Post-error adaptations are reflected in modulations of theta and alpha band power as revealed by the auditory condensation task
Commission of error causes the adjustments in a number of brain systems related to goal-directed behavior. Errors may be caused by failures of motor inhibition or by general attentional lapses, which lead to the different neural adjustments with their specific electrophysiological and behavioral correlates (van Driel et al., 2012; Danielmeier and Ullsperger, 2011). Thus, post-error adjustments may lead both to non-specific increase of motor threshold or to specific improvement of stimulus processing and decision making, with different brain systems involved in these processes (King et al., 2010). In the present study, we aimed at the investigation of error-related theta and alpha band power modulations and of corresponding behavioral adjustments.
An auditory two-choice version of the condensation task was used in the experiment (Posner, 1964; Chernyshev et al., 2015). Subjects were presented with random sequence of tones; each tone was either 500 Hz (‘low’) or 2000 Hz (‘high’), either a pure tone (‘pure’) or the same tone intermixed with broadband noise. The participants were instructed to respond to stimuli with pressing left or right button on a gamepad, according to the memorized rule (see Table 1). Correct responses after stimulus onset were immediately followed by a positive feedback (a schematic smiling face) presented for 500 ms after the response. This task is highly demanding for sustained attention, but implies no to-be-inhibited “automatic” responses. We analyzed modulations of non-phase-locked theta (4 – 7 Hz) and alpha (8 – 12 Hz) EEG power that occurs on erroneous and post-error correct trials. We used data-driven approach with threshold-free cluster enhancement (TFCE)-based permutational correction for multiple spatial-time-frequency bins in order to avoid a priori ROI selection. Also, we analyzed correlations between post-error spectral modulations and behavioral variables (percentage of errors and post-error slowing), using Spearman’s correlation coefficient.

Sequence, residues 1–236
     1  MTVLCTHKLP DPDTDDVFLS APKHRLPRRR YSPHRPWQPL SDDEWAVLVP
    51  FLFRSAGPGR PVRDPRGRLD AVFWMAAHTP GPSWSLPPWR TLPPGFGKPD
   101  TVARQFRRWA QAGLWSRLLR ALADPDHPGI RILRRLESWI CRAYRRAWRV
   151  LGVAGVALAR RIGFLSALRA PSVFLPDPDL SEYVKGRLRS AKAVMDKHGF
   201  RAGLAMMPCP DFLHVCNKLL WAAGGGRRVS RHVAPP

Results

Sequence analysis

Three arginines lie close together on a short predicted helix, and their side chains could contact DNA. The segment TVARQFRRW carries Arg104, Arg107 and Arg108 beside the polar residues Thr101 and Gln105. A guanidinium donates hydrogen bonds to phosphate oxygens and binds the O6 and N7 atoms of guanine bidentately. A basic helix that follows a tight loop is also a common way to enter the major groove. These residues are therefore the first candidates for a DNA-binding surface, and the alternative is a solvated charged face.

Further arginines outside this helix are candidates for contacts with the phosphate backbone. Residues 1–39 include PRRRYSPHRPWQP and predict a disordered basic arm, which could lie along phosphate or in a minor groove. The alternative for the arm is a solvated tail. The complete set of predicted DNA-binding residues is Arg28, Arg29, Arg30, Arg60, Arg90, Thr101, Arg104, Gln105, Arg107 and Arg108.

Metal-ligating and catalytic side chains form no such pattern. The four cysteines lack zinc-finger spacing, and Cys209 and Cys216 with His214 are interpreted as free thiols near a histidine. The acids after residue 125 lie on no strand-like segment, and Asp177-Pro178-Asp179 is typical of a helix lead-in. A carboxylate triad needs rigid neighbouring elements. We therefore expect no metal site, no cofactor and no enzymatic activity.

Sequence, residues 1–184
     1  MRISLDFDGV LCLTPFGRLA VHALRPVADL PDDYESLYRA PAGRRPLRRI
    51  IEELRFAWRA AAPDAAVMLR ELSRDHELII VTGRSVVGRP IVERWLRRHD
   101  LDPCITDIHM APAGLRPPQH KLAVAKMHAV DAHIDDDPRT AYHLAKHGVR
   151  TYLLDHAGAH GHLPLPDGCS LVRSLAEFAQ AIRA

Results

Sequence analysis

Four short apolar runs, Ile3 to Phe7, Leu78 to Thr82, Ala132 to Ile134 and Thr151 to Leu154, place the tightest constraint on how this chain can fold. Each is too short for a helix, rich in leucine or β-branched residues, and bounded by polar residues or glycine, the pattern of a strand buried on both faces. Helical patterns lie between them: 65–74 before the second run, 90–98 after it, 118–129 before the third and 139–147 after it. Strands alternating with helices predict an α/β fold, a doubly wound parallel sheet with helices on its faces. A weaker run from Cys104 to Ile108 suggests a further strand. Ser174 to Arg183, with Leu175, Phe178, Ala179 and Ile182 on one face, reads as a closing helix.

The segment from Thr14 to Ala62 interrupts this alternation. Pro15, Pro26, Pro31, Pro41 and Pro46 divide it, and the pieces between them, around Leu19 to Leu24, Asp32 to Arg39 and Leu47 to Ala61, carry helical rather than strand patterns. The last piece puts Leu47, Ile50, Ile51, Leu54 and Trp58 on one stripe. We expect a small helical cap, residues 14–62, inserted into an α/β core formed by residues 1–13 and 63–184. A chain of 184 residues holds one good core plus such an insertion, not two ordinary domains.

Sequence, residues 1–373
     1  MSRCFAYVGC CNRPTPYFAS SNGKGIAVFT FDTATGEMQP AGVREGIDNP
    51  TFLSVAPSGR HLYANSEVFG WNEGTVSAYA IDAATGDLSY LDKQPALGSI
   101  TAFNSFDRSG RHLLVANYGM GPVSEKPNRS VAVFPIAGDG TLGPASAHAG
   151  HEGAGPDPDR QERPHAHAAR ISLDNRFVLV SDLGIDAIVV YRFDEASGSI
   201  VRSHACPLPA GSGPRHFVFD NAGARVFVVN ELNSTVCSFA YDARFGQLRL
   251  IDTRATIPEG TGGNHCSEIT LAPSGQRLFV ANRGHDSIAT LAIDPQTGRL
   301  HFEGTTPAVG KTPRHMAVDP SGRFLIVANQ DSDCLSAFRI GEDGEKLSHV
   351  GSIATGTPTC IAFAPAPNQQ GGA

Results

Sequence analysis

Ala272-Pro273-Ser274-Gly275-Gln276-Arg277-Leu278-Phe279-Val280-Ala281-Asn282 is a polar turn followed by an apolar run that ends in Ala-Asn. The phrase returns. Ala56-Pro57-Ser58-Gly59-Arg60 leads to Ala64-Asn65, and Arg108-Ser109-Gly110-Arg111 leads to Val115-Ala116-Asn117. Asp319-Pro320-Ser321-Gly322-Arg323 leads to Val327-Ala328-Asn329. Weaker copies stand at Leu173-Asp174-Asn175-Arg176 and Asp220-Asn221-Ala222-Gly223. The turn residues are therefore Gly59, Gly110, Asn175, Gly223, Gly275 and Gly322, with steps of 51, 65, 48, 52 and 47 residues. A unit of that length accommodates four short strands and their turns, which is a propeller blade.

Response times (RT) on erroneous trials was significantly larger than on correct trials (t = 9.48, p < 0.001). No significant post-error slowing (PES) was found (t=-0.53, p=0.60). Errors (compared to correct trials) lead to significantly (p < 0.05) increased frontal midline theta (FMT) power (0 – 400 ms), followed by the enhanced alpha band suppression in the parietal (400 – 700 ms) and the left central regions (500 – 1000 ms) (Fig. 1A, top row). Based on these results, we selected three regions of interest: R1 – frontal midline theta, R2 – posterior alpha, R3 – left central alpha (Fig. 1A, top row). Stronger parietal alpha suppression was associated with better task performance, stronger left central alpha suppression was associated with more pronounced PES, and FMT increase positively correlated with both behavioral variables (Fig. 1B). On post-error correct trials (compared to post-correct ones), the following significant (p < 0.05) effects were found (Fig. 1A, bottom row): stronger pre-response left-central alpha suppression (-1000 – -250 ms); stronger generalized alpha suppression around the response (-150 – 500 ms), weaker post-response FMT power (0 – 600 ms).
We believe that our results suggest the occurrence of the conflict / error detection signal, followed by the signals of attentional reconfiguration and motor threshold adjustment. These adjustments resulted in optimized performance on the subsequent trials, accompanied by the reduced uncertainty of the response and decreased conflict. Our findings presumably indicate post-error adaptations in several brain systems, and extend the literature on sustained attention lapses and cognitive control.